Saturday, October 24

More autumn glory

This is why it's my favourite season. Yesterday I had a glorious walk in Shorne Woods Country Park, featuring more sweet chestnuts than I've ever seen in my life, a few greater spotted woodpeckers, and lots of fungi, including the fabulous fly agaric shown here which was growing in abundance.

Sunday, October 18

Signs of autumn

The cycling shorts and fingerless gloves are replaced by full-length tights and Goretex gloves (12 October).
First hot water bottle (15 October). We are doing our best to hold out without heating till November. Luckily our flat is quite well insulated.
First sighting of the 'ghost train' past our window (15 October) (it passes at about 11pm all lit up with ghostly lights, I think it sprays de-icer on the points).
Comfort food back on the menu: lamb shanks and mashed potatoes (tonight!)

All the same, the tomatoes on my south-west facing balcony are still ripening - much more slowly but still going red!

Friday, October 16

Nordic star socks

Well, what do you think?!

I love them!

Nordic star socks designed by Jan Malone from the Vogue Knitting Ultimate Sock Book.
I used 2.75mm needles; the orange yarn is Jawoll sock yarn, the grey is Jaeger Matchmaker Merino 4ply (sadly discontinued).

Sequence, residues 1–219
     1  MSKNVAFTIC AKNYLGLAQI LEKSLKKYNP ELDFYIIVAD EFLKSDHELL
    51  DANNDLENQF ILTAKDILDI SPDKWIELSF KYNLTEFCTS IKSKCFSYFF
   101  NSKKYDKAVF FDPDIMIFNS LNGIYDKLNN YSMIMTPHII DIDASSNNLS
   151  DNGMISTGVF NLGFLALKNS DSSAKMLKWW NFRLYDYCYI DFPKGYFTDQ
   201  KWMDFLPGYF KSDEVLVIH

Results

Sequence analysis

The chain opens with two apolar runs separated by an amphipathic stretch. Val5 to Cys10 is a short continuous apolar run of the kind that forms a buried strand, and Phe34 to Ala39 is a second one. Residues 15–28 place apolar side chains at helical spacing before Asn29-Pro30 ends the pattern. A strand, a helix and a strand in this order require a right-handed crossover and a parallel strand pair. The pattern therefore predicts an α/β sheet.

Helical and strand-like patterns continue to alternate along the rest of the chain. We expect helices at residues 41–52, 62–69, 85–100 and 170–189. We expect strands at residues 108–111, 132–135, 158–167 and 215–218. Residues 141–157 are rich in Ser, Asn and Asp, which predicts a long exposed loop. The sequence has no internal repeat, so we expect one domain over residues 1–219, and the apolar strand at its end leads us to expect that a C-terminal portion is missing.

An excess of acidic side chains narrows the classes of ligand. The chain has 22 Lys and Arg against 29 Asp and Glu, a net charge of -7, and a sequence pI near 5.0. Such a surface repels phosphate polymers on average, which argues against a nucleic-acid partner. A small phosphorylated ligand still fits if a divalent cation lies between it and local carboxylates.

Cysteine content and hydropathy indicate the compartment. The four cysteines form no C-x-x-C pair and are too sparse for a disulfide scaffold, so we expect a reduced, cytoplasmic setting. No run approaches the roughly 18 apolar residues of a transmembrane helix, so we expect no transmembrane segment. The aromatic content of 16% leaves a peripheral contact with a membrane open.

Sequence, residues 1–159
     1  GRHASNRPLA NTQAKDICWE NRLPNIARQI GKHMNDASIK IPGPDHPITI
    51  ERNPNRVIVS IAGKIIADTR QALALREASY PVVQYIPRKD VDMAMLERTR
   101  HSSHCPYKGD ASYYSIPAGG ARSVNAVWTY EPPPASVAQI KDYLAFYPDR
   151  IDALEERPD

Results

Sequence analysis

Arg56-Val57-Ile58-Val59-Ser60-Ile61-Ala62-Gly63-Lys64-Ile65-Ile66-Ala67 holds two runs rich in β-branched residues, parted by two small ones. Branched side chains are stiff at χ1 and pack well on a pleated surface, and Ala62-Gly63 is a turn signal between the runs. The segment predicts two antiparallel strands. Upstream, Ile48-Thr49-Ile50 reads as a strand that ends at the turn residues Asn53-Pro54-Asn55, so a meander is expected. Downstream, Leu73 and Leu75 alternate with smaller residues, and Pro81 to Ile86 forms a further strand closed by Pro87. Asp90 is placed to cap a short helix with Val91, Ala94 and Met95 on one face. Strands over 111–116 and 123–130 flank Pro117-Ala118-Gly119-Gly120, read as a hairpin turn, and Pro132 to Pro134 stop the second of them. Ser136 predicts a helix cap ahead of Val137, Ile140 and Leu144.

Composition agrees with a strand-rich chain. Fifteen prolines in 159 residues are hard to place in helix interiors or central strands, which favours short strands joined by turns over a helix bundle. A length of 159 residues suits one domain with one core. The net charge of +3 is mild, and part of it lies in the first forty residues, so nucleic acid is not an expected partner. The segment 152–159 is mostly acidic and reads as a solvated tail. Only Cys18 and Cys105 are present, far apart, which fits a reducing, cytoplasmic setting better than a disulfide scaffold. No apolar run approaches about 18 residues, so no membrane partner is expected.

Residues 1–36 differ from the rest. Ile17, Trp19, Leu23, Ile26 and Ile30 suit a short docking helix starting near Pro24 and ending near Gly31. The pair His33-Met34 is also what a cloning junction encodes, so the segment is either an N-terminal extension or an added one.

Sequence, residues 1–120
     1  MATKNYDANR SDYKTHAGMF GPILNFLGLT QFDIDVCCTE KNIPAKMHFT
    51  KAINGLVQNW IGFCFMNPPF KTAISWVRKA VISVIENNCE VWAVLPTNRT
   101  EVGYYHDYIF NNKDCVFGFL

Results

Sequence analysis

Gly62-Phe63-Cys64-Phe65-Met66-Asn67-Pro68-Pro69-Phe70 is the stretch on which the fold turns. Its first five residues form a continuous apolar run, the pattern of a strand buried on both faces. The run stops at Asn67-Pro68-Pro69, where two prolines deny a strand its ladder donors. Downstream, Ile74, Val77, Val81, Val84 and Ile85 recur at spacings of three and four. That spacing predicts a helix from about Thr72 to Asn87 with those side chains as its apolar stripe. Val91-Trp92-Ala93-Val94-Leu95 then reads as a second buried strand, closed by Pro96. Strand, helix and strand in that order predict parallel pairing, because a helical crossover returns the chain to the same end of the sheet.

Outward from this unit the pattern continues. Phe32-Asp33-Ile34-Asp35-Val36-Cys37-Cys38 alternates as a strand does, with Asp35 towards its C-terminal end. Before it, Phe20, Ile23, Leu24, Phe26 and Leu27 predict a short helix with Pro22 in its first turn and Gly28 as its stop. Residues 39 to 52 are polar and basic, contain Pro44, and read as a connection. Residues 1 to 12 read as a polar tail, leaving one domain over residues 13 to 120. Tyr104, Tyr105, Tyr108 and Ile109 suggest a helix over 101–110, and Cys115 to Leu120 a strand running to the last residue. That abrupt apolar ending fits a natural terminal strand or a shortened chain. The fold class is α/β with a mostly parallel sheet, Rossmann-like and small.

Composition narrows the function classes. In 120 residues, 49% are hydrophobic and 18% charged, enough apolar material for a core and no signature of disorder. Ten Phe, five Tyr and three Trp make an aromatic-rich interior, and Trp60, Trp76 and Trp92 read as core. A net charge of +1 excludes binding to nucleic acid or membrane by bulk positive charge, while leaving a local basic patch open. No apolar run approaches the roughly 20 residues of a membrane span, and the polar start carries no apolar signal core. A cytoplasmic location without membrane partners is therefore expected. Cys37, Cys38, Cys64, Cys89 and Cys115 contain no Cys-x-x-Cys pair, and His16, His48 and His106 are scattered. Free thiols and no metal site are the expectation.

I used a whole ball of the grey and started into a second one, but only needed one ball of the orange. My tension was a bit different on the two socks - can only just squeeze the first one on, but by the second I'd obviously loosened up a bit and it's much easier to get on!

Wednesday, October 14

The kindness of strangers

Some time ago you may remember me blogging about the gorgeous Nordic Star socks I was knitting from the Vogue Knitting Ultimate Sock Book.

The project ground slowly to a halt as I realised that I was probably not going to have enough yarn to complete the socks, as I had not allowed for the extra yarn that is needed with stranded knitting.

After finishing the first sock and realising that yarn was disappearing faster than I expected, I weighed the sock, weighed the leftover yarn, ummed and ahhed, then stuck the project in the bottom of the project bag and forgot about it. Head in sand stylee.

The main problem was that one of the yarns was now discontinued (doh!) and the other is not easily available in the UK. The grey Jaeger Matchmaker Merino 4ply is a delight to knit with but discontinued, the orange is Jawoll sock yarn, also fab to knit with but a bit elusive - even in IKnit where I bought the first ball, they are very vague about when new stocks will be arriving. Although they are very certain that they will be getting more.

After the first sock had spent a few months languishing at the bottom of the knitting bag, I resurrected the project and decided that I should make an effort to make progress.

First step - get me some yarn!

This is where I really love Ravelry.

Step 1; search out who's got the right yarns in their stash in the appropriate colours.

Step 2; Narrow it down to people in the UK, and if possible, anyone who has it on offer for sale or trade.